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May 6, 2013

A day bank holiday weekend in the vegetable garden ūüôā

The house is destroyed but I’m finally on top of everything in the veg patch. It wont last long but feels good for now.

The Greenside Up Vegetable Garden

The Greenside Up Vegetable Garden

It might look bare but in the ground outside we have red & white onions, early & main crop spuds, parsnips, carrots, beetroot, chard, broad beans & mangetout, celeriac & swede, asparagus & scarlet kale and early purple sprouting broccoli. We also have a bed of strawberries that has had an overhaul, rhubarb and lots of flower and herb seeds planted for the bees.

Now might be a good time to mention the leatherjackets. Has anyone else noticed the zillions of these wriggly little root eaters in their soil? They’ve already eaten one of my kale seedlings! I’m starting to see them in my sleep I’ve picked out so many, which doesn’t bode well for a happy late summer as I have a crane fly phobia ūüôĀ


Rosemary in flower attracting bees into the polytunnel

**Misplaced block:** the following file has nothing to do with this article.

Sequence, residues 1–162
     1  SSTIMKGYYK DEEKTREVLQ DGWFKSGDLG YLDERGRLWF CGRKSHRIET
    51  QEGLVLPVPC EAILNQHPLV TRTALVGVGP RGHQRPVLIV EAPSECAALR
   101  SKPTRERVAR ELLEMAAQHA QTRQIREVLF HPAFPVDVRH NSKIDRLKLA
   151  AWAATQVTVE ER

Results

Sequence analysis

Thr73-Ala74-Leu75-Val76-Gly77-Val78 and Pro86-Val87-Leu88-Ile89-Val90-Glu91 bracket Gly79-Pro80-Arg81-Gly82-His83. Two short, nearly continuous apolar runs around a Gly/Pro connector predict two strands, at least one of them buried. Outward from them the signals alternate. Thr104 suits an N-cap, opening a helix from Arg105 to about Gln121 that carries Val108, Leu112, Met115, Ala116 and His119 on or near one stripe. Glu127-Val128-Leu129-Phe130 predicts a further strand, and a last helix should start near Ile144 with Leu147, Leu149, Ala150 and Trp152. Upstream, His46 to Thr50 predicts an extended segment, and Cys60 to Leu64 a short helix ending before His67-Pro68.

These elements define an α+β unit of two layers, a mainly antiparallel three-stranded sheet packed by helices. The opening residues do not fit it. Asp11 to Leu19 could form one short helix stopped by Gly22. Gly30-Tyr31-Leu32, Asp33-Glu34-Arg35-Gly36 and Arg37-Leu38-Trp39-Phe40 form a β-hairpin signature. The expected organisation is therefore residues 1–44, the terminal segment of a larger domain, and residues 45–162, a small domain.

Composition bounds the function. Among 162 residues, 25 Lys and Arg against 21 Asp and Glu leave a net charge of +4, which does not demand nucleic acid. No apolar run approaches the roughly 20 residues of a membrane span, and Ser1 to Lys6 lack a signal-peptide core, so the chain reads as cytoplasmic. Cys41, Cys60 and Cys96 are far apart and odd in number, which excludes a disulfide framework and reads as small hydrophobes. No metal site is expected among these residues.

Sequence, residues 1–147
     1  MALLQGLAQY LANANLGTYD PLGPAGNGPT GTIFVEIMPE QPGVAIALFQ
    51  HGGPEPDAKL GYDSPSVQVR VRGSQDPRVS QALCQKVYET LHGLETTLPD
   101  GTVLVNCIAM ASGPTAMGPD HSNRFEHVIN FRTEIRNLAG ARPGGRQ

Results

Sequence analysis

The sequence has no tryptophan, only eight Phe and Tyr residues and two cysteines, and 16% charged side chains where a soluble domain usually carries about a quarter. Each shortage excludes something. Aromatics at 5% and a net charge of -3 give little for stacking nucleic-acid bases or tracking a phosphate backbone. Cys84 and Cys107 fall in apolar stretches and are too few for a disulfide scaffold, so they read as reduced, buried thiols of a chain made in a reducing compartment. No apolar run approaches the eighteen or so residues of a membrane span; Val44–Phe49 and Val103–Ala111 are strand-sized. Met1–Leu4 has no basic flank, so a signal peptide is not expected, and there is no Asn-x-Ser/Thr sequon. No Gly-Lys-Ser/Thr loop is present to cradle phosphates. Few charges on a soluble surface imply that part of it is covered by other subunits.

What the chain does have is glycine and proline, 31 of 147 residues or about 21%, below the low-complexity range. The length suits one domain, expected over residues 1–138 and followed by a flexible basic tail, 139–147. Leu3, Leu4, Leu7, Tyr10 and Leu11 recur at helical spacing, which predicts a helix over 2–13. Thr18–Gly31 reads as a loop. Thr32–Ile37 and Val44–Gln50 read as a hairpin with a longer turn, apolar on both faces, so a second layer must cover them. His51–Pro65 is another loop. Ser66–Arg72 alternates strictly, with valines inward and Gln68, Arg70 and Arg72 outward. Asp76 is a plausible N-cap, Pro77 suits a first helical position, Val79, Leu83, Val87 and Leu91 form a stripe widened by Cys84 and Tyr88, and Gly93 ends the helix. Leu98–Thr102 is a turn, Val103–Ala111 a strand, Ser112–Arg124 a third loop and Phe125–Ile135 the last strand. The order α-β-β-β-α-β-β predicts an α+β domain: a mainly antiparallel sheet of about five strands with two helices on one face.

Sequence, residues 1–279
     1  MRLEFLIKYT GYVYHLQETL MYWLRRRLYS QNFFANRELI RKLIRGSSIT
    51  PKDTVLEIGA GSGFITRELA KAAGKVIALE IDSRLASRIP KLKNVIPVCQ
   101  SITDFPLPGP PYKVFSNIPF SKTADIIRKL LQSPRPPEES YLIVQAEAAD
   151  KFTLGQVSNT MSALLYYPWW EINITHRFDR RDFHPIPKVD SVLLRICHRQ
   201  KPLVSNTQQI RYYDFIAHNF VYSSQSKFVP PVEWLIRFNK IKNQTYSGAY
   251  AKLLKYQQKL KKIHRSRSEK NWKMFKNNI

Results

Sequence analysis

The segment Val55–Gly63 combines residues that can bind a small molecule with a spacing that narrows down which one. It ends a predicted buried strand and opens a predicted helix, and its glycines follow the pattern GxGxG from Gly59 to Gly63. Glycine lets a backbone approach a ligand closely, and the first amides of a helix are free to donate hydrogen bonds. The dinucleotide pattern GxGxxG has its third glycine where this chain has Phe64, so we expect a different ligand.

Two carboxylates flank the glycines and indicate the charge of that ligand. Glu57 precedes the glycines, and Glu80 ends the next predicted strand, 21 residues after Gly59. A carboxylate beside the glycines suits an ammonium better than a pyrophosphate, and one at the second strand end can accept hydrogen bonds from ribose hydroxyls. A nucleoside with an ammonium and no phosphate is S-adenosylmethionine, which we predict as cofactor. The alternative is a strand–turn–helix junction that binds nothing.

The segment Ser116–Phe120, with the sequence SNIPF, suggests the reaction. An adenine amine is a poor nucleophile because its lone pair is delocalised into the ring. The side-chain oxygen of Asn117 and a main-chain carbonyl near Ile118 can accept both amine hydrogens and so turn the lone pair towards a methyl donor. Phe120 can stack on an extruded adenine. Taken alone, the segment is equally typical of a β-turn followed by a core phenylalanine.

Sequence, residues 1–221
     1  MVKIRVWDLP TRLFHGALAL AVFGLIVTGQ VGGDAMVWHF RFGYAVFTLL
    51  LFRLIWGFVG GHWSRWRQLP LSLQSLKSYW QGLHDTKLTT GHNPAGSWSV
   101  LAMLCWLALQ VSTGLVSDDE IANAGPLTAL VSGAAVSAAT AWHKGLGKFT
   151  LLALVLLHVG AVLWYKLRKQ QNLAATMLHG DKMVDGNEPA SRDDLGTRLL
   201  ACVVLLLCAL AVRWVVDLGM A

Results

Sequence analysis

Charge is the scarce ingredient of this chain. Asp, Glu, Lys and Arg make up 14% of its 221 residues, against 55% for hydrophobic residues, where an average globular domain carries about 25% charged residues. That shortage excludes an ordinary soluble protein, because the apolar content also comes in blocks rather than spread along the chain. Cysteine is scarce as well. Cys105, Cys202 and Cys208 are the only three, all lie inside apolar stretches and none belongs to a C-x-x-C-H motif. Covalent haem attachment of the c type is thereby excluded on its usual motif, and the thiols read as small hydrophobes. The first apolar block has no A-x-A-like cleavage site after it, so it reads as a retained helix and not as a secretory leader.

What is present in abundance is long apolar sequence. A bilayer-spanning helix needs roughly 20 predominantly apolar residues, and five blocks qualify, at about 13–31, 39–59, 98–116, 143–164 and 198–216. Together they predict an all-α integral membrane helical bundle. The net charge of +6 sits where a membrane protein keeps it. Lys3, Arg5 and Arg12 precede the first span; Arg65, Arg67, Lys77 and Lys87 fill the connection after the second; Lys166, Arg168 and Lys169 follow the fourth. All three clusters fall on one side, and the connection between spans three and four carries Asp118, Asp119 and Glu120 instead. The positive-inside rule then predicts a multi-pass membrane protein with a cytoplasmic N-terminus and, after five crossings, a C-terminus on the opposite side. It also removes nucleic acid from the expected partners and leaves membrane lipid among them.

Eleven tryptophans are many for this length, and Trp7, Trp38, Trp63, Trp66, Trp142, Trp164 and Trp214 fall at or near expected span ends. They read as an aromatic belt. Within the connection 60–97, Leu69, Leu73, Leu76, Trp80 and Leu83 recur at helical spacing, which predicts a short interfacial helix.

How was your bank holiday weekend? Did you get to spend some time in the garden?

Community Gardens

In the Community Garden in March

March 27, 2013

Here we are, the last week of March and more snow, more biting cold winds and still nothing at all sown outside in Goresbridge community garden! Thankfully the weather hasn’t been remotely as bad as those living in Co Antrim or the UK, (Lorna over at the Irish Farmerette blog has written a post about their hardships and the difficulties farmers are facing due to the long winter-spring).¬†

A tree in March in BaunreaghAs I left home to meet up with gardeners this week, the sky was heavy with its frosty load and the huge flakes softly floated around me as I tentatively set off once again down the slippery hilly lanes.

There was snow in the community garden with most of the beds frozen, but inside we were starting to see slow signs of life.

The potatoes are chitting nicely…


We transplanted strawberry runners into guttering that will be hung on the wall outside when the weather warms up a bit.